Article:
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The court had handed down rulings from 1938 to 1950 that gave black students the right to enroll in previously all-white Southern universities. Those precedents paved the way for the Brown decision. Then, after insisting on desegregation of the schools, the justices waited until 1967 to strike down the remaining state laws that barred interracial marriages in the aptly named case of Loving vs. Virginia.
Gay rights advocates do not expect it will be decades before same-sex marriage is the law throughout the nation. And some had high hopes the court would declare a constitutional right to marry this year.
“There was some disappointment that the court was not further along,” Kate Kendell, a lawyer for the National Center for Lesbian Rights, said after the argument. But she also heard much that was encouraging. “Not one justice made statements in any way vilifying of LGBT people,” she said.
She took special note of a comment from Justice Samuel A. Alito Jr., a conservative who said he favored a cautious approach. In questioning the lawyers, he asked about a same-sex couple who are “just as loving and committed” as a heterosexual couple. Despite a disagreement on the law, Alito “talked about us in very human terms imbued with dignity,” Kendell said.
Last year’s struggle over the healthcare law showed the difficulty of reading too much into the oral argument. In March 2012, the justices debated whether the law’s requirement that everyone obtain health insurance could be upheld as regulation of interstate commerce. Most of the conservatives sounded skeptical. But by June, Chief Justice John G. Roberts had decided the requirement could be upheld and enforced as a tax penalty. The four liberal justices agreed.
In Wednesday’s argument, five justices sounded ready to strike down the Defense of Marriage Act. They have until June to agree on a majority opinion.
Once they have decided that issue, the justices could turn their attention to the more tricky question of what to do with California’s Proposition 8, the voter-approved ban on same-sex marriage. A federal judge in San Francisco and the 9th Circuit Court of Appeals had ruled this state measure unconstitutional.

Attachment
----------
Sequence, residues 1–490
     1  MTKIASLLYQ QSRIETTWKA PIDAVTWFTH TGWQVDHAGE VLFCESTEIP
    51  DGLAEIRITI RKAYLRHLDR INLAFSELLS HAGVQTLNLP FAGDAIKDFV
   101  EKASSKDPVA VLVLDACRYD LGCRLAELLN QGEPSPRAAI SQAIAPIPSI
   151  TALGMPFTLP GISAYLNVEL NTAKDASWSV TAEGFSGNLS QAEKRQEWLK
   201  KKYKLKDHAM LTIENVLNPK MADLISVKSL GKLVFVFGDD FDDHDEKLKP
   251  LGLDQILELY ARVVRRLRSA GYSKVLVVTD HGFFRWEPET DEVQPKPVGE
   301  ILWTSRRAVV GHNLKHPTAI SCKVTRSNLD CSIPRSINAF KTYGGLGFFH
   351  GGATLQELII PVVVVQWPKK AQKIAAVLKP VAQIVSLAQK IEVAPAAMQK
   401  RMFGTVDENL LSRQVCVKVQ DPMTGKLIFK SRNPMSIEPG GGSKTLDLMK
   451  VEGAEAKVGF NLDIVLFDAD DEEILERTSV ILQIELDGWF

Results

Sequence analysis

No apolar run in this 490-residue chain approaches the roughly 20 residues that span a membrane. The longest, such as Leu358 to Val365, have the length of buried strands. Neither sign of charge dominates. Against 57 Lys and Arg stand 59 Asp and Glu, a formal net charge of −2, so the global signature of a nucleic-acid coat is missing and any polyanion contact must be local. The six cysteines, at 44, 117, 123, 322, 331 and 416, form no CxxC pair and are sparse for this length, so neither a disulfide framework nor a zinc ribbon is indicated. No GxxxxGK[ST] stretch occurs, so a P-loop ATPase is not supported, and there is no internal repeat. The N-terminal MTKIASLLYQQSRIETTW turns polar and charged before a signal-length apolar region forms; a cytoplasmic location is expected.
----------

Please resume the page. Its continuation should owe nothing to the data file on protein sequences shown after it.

The oral argument on Tuesday made clear it was the court’s four most conservative justices who had voted to hear the Proposition 8 case. That decision is made behind closed doors, and the votes are not disclosed. But Kennedy and several of the liberal justices said it was a mistake for the court to have agreed to hear the appeal.
That suggested they would seek to dispose of the Proposition 8 case without ruling directly on whether gays have a constitutional right to marry. They could say the sponsors of the ballot measure do not have legal standing to appeal to the high court. They could dismiss the appeal as “improvidently granted.” Or they could hold the case until late June and send it back to California in light of the ruling in the Defense of Marriage case. All three options would lead to the restoring of gay marriage in California, but without a legal precedent that would affect the other states. It’s also possible but unlikely that Kennedy could join with the conservatives to uphold Proposition 8 on states’ rights grounds.
“Allow the democratic process to continue,” Paul D. Clement, the former solicitor general, told the justices in his closing comments. He was defending the marriage act on behalf of the House Republicans, and it appeared a five-vote majority would vote against him. But even if they do, the fight over gay marriage will likely continue.
Times staff writer Maura Dolan contributed to this report.